What’s behind Zara’s crazy sales gains?
While management at other apparel retailers have put forth all kinds of theories as to why their businesses are struggling, Inditex, the parent of international fast fashion chain Zara, reported an 11 percent increase in same-store sales with total revenues jumping 16 percent for the first six months of the year.
Zara’s fast fashion production model is typically given credit as the primary factor in its success. The chain, which accounts for roughly two-thirds of Inditex sales, manufactures new clothing in smaller lots in its factories, primarily in Europe, that are closer to stores, rather than sourcing larger inventories of apparel from suppliers in Asia.
The chain’s growing e-commerce business is also credited with helping it achieve growth levels that exceed its rivals, including other fast fashion chains H&M and Primark. What’s not clear is just how big a contribution e-commerce is making to Zara’s success. Inditex does not break out sales registered online from those in its physical stores.
In June, chairman Pablo Isla touted the company’s omnichannel capabilities on an earnings call with analysts.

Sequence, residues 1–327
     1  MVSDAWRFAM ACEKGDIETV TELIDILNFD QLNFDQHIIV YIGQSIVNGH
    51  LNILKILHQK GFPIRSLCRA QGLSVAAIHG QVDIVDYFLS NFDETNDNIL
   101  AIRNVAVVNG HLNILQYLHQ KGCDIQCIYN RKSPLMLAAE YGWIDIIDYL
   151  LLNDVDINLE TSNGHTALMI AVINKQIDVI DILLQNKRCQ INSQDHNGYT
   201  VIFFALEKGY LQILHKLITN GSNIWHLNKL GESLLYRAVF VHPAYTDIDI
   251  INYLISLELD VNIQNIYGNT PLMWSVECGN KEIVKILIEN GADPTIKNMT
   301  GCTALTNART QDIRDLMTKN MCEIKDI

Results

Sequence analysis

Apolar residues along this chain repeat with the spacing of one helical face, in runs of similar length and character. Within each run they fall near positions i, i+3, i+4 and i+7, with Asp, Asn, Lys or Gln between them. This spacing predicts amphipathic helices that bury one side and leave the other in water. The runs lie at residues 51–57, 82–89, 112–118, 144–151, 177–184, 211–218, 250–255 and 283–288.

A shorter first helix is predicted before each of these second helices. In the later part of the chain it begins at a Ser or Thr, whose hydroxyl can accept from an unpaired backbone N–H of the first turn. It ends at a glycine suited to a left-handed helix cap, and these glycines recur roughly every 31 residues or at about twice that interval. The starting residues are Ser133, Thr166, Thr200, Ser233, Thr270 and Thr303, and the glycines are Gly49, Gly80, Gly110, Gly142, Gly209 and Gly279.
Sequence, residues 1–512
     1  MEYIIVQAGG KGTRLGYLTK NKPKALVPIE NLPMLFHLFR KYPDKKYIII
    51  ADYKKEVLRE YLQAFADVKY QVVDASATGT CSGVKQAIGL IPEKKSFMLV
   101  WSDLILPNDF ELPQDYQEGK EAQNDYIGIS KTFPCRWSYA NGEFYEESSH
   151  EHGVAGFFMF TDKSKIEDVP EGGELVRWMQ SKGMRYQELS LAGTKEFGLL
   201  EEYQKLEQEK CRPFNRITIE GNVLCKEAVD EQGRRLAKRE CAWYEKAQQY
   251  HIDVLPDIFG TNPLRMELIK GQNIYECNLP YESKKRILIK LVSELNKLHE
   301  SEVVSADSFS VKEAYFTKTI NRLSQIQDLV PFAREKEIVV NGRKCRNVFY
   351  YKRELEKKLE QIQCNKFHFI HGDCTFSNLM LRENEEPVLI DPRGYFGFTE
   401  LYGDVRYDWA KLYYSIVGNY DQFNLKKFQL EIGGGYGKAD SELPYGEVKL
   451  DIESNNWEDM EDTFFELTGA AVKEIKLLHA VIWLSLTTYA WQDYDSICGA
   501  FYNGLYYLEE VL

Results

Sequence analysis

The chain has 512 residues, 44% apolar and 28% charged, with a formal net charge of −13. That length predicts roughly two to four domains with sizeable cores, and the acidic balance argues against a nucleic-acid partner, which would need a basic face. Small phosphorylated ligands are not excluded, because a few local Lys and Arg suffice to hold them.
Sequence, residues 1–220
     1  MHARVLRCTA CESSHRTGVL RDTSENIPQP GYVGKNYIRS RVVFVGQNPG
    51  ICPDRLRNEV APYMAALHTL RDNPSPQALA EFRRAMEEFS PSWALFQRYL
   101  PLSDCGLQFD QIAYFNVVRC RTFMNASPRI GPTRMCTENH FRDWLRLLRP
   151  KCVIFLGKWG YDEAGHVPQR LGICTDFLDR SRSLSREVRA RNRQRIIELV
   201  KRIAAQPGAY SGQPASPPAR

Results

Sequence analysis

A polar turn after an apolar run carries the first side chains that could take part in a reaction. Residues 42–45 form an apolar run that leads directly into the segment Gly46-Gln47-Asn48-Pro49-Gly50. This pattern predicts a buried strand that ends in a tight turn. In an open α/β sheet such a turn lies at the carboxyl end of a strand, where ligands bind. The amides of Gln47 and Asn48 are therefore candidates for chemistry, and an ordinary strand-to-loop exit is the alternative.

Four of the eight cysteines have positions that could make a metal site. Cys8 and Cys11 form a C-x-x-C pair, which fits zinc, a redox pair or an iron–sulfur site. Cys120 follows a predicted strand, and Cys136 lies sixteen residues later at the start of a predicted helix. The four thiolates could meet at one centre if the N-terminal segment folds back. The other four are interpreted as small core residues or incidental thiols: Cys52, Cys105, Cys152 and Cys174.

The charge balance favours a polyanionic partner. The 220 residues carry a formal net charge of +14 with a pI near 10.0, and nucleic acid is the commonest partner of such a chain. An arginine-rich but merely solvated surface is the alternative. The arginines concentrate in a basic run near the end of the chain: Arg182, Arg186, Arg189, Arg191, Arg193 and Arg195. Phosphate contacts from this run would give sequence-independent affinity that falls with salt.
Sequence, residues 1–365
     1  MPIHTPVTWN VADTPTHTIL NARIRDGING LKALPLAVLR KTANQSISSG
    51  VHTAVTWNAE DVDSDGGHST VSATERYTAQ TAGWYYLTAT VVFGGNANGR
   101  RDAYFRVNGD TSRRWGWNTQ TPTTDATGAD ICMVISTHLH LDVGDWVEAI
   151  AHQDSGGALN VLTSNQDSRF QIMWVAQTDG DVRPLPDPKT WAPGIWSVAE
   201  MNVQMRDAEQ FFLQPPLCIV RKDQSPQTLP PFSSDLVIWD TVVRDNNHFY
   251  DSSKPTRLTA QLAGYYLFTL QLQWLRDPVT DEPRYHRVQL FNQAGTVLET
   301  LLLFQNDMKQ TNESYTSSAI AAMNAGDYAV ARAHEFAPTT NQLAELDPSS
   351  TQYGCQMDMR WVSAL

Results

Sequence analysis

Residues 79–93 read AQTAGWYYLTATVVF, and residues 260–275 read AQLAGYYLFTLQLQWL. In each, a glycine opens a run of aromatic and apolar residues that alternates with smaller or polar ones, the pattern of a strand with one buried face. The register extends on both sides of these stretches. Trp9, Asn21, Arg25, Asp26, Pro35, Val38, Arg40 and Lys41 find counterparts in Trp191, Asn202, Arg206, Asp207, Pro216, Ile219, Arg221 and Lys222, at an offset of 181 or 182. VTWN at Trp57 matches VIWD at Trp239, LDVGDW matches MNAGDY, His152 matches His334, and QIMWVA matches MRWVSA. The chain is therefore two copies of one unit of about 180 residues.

“We operate a global sales platform that fully integrates stores and online and offers huge growth potential,” said Ms. Isla. “Our business model combines stores and digital seamlessly, and we are ready for the opportunities that this brings with current and new customers.”
Inditex reported that it saw its sales revenues, including stores and online, increase 13 percent in local currencies between Aug. 1 and Sept. 18.
Articles on both the Bloomberg and Wall Street Journal sites suggest that a shift to more online sales may have something to do with the company posting a net income gain (eight percent) that trails its jump in revenues.
Inditex’s gross margins actually declined one percent for the first six months of the year, which could have something to do with higher costs related to a market-by-market rollout of e-commerce operations across the globe. Zara, for example, will launch online sales in Turkey beginning next month.
Lower margins could also point to greater discounting to stay ahead of its rivals. Regardless of the reason(s), it seems like nitpicking when the business is posting the types of results it has year-to-date.
- Interim Half Year 2016 Results – Inditex
- Interim Half Year 2016 (Presentation) – Inditex
- Inditex, the Superstar Retailer – Bloomberg
- Zara’s Success Shrouded in E-Commerce Secrecy – The Wall Street Journal (sub. required)
DISCUSSION QUESTIONS: Why do you think Zara has managed to grow its business at a double-digit pace when so many other retailers have struggled to post any gains? Has Zara created a sustainable point of difference for itself compared to other apparel retailers competing for the same customers? What can/should other apparel retailers do to close the gap?